Unleashed, Nature Inspires the EVIL in All of Us! “In The Earth” reviewed (Neon / Digital Screener)

A deadly virus has ravaged the world, placing the inhabitants on a high alert edge of incessant sanitation and relentless paranoia. Martin, a scientist from the city, ventures to an ecological nature preserve to convey equipment for tests being conducted deep in the forest. Park Ranger, Alma, guides him on a two day trek toward a camp in total isolation supervised by Dr. Olivia Wendle, but during the second day of the journey, Martin and Alma are attacked in the middle of the night, left with no gear and a vague sense of what happened. The virus has yet to stake a claim on those living within the woods, but another malicious-driven presence, entombed by superstition and mental manipulation, enacts the forest to come alive around them, forcing them into a direction that presents a summoning of nature’s folkloric revenant.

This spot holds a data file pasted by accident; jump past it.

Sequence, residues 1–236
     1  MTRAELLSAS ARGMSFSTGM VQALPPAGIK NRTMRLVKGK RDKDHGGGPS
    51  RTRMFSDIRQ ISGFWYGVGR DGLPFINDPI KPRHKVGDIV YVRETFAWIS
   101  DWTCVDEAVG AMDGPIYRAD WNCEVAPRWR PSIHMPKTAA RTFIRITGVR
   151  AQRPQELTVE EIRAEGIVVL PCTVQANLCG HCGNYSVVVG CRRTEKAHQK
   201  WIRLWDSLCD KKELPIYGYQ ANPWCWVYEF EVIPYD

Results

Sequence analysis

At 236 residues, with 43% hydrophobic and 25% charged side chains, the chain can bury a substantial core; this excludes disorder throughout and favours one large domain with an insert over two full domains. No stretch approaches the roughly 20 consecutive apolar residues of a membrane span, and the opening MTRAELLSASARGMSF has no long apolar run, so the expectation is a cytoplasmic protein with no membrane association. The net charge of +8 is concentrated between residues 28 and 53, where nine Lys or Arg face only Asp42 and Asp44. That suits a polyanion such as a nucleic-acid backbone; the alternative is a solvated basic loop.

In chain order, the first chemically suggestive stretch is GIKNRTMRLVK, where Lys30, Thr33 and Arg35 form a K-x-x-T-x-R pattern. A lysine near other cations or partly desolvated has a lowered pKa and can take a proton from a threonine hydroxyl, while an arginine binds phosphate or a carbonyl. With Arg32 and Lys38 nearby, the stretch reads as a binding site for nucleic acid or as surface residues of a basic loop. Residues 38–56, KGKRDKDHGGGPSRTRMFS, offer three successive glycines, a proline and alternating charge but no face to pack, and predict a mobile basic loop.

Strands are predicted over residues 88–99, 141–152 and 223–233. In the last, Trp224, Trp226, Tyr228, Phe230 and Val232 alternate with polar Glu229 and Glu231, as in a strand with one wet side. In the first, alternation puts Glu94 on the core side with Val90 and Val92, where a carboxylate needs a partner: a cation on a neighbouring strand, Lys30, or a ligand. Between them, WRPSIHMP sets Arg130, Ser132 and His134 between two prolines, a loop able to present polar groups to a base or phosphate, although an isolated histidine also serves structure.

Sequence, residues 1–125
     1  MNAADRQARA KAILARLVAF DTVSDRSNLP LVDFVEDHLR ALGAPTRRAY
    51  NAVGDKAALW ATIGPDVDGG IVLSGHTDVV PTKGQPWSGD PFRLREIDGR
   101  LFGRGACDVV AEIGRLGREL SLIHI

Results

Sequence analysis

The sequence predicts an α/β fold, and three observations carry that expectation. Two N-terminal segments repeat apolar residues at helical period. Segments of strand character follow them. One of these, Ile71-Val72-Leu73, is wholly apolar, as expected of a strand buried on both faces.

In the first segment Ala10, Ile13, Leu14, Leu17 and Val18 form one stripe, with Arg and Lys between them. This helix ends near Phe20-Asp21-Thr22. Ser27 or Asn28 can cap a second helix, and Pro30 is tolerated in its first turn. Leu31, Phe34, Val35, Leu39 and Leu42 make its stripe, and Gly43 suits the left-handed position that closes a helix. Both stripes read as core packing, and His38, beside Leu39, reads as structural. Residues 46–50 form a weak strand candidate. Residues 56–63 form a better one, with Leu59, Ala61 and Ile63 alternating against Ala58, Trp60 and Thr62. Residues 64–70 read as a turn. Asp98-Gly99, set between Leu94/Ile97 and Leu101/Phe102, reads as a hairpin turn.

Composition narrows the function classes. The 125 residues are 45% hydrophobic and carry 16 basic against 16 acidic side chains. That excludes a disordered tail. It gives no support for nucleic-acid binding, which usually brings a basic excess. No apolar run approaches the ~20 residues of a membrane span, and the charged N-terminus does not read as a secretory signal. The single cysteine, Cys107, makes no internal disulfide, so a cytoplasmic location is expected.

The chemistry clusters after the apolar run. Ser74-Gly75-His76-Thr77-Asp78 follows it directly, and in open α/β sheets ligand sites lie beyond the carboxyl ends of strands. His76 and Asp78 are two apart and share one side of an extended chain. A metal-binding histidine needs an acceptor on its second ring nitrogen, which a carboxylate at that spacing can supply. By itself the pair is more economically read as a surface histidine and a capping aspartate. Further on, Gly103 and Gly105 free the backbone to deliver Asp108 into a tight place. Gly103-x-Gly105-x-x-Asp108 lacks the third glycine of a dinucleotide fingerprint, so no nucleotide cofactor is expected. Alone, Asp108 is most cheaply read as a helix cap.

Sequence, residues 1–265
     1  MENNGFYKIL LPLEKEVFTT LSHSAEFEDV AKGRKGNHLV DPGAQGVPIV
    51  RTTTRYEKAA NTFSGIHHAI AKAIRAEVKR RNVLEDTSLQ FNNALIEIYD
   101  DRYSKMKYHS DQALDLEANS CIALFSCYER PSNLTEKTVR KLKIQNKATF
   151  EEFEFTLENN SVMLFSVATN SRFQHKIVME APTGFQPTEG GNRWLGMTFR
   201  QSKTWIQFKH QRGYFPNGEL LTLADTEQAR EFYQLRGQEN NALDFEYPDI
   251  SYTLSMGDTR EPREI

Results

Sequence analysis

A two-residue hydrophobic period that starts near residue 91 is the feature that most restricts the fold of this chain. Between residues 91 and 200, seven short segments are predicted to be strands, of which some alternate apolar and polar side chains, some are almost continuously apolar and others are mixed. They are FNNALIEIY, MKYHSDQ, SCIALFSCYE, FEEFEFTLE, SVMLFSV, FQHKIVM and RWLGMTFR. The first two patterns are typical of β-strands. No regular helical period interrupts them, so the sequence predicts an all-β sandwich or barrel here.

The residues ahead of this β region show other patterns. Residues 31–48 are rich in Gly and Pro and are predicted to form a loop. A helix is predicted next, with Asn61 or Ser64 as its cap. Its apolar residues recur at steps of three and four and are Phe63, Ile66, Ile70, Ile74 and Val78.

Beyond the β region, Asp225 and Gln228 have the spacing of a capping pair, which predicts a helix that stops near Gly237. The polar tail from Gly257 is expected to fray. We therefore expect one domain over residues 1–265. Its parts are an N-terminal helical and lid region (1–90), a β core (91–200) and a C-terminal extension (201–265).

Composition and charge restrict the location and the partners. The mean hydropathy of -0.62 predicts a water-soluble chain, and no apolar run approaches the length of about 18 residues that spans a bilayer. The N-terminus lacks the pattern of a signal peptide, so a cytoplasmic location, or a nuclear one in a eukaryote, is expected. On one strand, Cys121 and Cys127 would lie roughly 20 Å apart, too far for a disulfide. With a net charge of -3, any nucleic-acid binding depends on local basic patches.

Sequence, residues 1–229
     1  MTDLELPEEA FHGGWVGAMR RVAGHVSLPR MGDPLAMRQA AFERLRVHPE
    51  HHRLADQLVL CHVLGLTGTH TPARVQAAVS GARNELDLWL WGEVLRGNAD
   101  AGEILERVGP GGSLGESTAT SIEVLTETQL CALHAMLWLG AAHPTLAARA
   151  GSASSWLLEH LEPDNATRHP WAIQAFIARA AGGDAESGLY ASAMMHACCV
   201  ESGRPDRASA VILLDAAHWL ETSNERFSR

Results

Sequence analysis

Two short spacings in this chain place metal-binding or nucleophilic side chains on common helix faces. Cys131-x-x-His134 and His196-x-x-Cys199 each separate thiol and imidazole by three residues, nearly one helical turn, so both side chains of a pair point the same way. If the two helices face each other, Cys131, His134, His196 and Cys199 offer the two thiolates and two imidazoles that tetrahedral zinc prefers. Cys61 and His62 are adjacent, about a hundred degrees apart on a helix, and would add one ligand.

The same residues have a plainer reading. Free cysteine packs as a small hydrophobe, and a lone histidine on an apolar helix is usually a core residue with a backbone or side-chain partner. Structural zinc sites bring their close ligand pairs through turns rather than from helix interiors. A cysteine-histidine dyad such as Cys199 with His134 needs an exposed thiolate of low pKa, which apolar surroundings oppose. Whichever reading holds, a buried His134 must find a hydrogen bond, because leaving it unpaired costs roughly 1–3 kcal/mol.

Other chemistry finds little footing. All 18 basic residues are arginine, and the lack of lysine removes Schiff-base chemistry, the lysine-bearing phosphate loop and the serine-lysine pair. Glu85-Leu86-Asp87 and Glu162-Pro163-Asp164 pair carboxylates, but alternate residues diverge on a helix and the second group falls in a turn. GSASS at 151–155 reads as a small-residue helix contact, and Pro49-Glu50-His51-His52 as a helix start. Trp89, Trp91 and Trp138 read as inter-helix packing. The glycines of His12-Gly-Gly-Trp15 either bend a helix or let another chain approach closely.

COVID-19 has brought a tremendous amount of sorrow and an unforgiving plight upon the world, but for a few filmmakers, a global pandemic has been a source of inspiration that been a silver lining amongst the Earth’s population upheaval. Director Ben Wheatley tapped into that filament, you could say ,with his man versus nature mystery horror “In The Earth.” The filmmaker of “U is for Unearthed” short from the “ABCs of Death” and soon-to-be helming the follow up big screen sequel to novelist’s Steve Alten’s widely popular monster shark book series with “Meg 2: The Trench,” Wheatley writes and directs a quarantine start-to-finish feature that also incorporates the pandemic into the story, much to the same likes as Rob Savage’s “Host” that uses the virus as a means to drive the characters into doing something they normally wouldn’t be doing. The UK production is from Wheatley’s founded Rook Films and Neon, who last co-produced Brandon Cronenberg’s violent sci-fi thriller, “Possessor.”